George Brough built some of the best motorcycles the world has ever seen. They were overbuilt masterpieces of engineering that are highly sought after today and remain one of the most expensive motorcycles you can buy in today’s world. Between 1935 and 1939 Brough built a very select few four-wheeled automobiles as well.

Originally he offered a 3.5-liter six and a 4.0-liter eight. Only about 20 eight-cylinder cars were built (it used a chassis from Hudson, much like the Railton, which was a Brough automotive competitor, and Railton sued and it became a thing so Hudson stopped supplying the chassis). So Brough only had a six-cylinder car left after that. George  then decided to build a large twelve-cylinder car, using an engine from a Lincoln-Zephyr. This car is powered by that silky-smooth, 4.4-liter, 110 horsepower V-12.

Unfortunately, it was 1938 and introducing an expensive V-12 road car probably wasn’t the best financial move, especially as this car would’ve retailed for £1,250 with the body (for comparison, a ’37 Ford Model Y would’ve run only £100). Only one car was completed, this one. The sports saloon coachwork is by Charlesworth, the main coachbuilder of Brough Superior’s chief car rival, Alvis. This one-off has been in storage for 25 years but will be a hot show item when restored. It should bring between $20,000-$34,000. Click here for more info and here for more from Bonhams.

Thomas-Detroit Tourer

1907 Thomas-Detroit Model C Tourer

Offered by Bonhams | Greenwich, Connecticut | June 3, 2018

Photo – Bonhams

Thomas-Detroit was a short-lived marque founded in 1906 after two former Oldsmobile employees had a chance encounter with E.R. Thomas of the Thomas Motor Company. The two ex-Olds employees, engineer Howard Coffin and salesman Roy Chapin, convinced Thomas to help fund their building of a slightly smaller car than Thomas was currently offering out of his Buffalo-based enterprise.

So Thomas-Detroit was set up in Detroit to build a 40HP car. It was offered in 1906, 1907, and 1908 only because Chapin and Coffin became tired of being managed from afar. They convinced Hugh Chalmers to buy out Thomas and the marque became Chalmers-Detroit for 1909 before becoming just Chalmers in 1911.

This Model C is powered by a 5.8-liter straight-four making 40 horsepower. It was offered as a Runabout, Touring car, Limousine, or Landaulette. This Touring would’ve cost $2,750 when new. Very few Thomas-Detroit motorcars were ever completed and sold before the company’s name changed. This one has been wonderfully restored and should bring between $125,000-$175,000 at auction. Click here for more info and here for more from this sale.

DB6 Volante Mk II

1970 Aston Martin DB6 Mk II Volante

Offered by Bonhams | Reading, U.K. | June 2, 2018

Photo – Bonhams

The DB6 went on sale in late 1965. Aston Martin introduced a “Mk II” version in August of 1969. Mk II cars can be identified by pronounced flares on the wheel arches that came stuffed with wider tires and wider wheels than the earlier cars had.

The DB6 was available as a coupe or convertible. It’s powered by a 4.0-liter straight-six that makes 282 horsepower. This particular car is one of just 38 Mk II Volantes (convertibles). It’s a beautiful car finished in Light Sky Blue, a different shade of its original color.

This right-hand drive example was sold new in London and had three other owners before being sold to its current owner in 1983. The most recent restoration dates to 1991 with an engine rebuild in 2001 and significant services completed over the course of the last 15 years. These gorgeous convertibles don’t changes hands often and this is one that hasn’t been seen in quite a while. It is expected to bring between $950,000-$1,200,000. Click here for more info and here for more from this sale.

Ferrari 550 Barchetta

2001 Ferrari 550 Barchetta

Offered by Silverstone Auctions | Silverstone, U.K. | May 18, 2018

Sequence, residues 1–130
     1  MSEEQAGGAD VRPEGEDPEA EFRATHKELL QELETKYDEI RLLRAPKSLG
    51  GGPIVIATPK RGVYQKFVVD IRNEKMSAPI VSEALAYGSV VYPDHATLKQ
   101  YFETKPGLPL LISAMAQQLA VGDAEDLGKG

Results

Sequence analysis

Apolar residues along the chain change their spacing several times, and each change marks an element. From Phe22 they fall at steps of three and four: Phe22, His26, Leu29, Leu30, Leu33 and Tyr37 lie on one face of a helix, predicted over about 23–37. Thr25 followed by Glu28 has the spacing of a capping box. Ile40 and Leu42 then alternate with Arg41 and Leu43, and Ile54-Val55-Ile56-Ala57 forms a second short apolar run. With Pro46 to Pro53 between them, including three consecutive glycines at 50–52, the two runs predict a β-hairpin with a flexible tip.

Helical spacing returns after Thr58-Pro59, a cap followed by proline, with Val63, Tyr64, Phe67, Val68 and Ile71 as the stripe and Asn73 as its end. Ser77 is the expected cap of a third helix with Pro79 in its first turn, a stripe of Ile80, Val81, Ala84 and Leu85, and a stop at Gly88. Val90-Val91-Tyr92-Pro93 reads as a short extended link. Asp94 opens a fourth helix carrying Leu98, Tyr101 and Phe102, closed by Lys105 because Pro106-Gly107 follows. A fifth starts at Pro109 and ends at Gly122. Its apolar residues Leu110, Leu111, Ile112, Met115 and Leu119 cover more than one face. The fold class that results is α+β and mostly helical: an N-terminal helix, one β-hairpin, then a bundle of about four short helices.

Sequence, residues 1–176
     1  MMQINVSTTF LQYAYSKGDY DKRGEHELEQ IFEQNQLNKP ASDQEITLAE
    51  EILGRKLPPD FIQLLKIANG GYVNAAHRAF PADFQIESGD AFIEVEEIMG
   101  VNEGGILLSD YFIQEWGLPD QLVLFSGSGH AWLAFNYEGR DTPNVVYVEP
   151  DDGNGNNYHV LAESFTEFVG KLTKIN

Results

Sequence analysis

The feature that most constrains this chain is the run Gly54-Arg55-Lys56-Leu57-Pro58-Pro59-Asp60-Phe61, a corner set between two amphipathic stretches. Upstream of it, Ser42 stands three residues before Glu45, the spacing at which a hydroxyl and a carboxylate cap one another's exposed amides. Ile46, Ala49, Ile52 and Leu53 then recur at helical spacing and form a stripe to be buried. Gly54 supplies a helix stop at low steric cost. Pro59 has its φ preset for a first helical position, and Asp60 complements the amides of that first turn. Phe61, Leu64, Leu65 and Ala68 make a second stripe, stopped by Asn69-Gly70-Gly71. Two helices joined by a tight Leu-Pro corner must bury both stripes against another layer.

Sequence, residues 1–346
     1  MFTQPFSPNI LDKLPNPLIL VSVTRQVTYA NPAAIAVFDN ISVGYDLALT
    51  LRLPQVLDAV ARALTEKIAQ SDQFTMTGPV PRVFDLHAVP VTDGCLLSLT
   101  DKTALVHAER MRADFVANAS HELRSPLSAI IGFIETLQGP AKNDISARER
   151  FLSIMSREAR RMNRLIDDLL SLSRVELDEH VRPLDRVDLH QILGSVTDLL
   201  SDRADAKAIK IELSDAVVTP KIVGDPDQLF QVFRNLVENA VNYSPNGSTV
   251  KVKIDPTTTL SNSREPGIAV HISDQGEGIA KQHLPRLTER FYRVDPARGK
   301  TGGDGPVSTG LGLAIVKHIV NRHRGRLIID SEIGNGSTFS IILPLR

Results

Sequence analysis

Photo – Silverstone Auctions

Chase the lineage of this car back far enough and it takes you right to the legendary Ferrari Daytona Spider. You see, the Ferrari 550 Maranello replaced the Ferrari Testarossa (and its derivatives) which replaced the Ferrari 512BB which, you guessed it, replaced the Daytona. But the BB and the Testarossa never had factory drop top versions. So when Ferrari decided to chop the top off of its 550, it was big news.

Pininfarina was responsible for the styling and just 448 examples were produced between 2000 and 2001. They were quite pricey when new and it was eventually succeeded by the 575 Superamerica. These cars were so popular that Ferrari has continued to offer late-cycle convertibles of their big front-engined V-12 cars. And they are always rare and always ridiculously expensive.

This 3,000-mile example is powered by a 485 horsepower, 5.5-liter V-12. It’s one of 42 sold new in the U.K. and does have right-hand drive. This 199 mph convertible still shows that it is a sought-after car, nearly 20 years on, as it carries a pre-sale estimate of $450,000-$525,000. Click here for more info and here for the rest of Silverstone’s all-Ferrari lineup.

Neo-Classic Vans

Neo-Classic Vans


1987 Fleur De Lys Newark Minibus

Offered by Brightwells | Leominster, U.K. | May 16, 2018

Photo – Brightwells

Neo-classics are a subset of the automotive world and are generally old-timey-looking cars on relatively modern chassis. Basically companies would take a big Lincoln or something, rip the body off of it, and build a new body that looks like a car from the 1930s.

And this is the bus or van version, apparently. Fleur De Lys Automobiles was founded in 1983 to build old-looking delivery vehicles with modern reliability. Mechanicals were lifted from period Fords for ease of repair and reliability’s sake. This Newark Minibus is powered by a 2.0-liter straight-four and has a four-speed manual transmission.

Instead of being a simple delivery van, it actually has seats in the back. In total, it seats nine and has an entertainment system. It would make a good party bus and should cost its new owner between $22,000-$25,000. Click here for more from Brightwells.

Update: Not sold.


1993 Asquith Shetland

Offered by Mecum | Denver, Colorado | June 8-9, 2018

Photo – Mecum

Here’s another neo-classic style delivery van. The Asquith Motor Company Ltd. was founded in Braintree, England in 1981 (the 80s were a popular time for this type of thing).

This Shetland is a retro delivery vehicle that was exported to the U.S. as a kit and assembled stateside. It’s powered by a 1.0-liter Suzuki engine and has a 5-speed transmission. The paint is very nice and it’s only covered 875 miles. If you have a small business, this is a great promotional vehicle. Click here for more info and here for more from Mecum in Denver.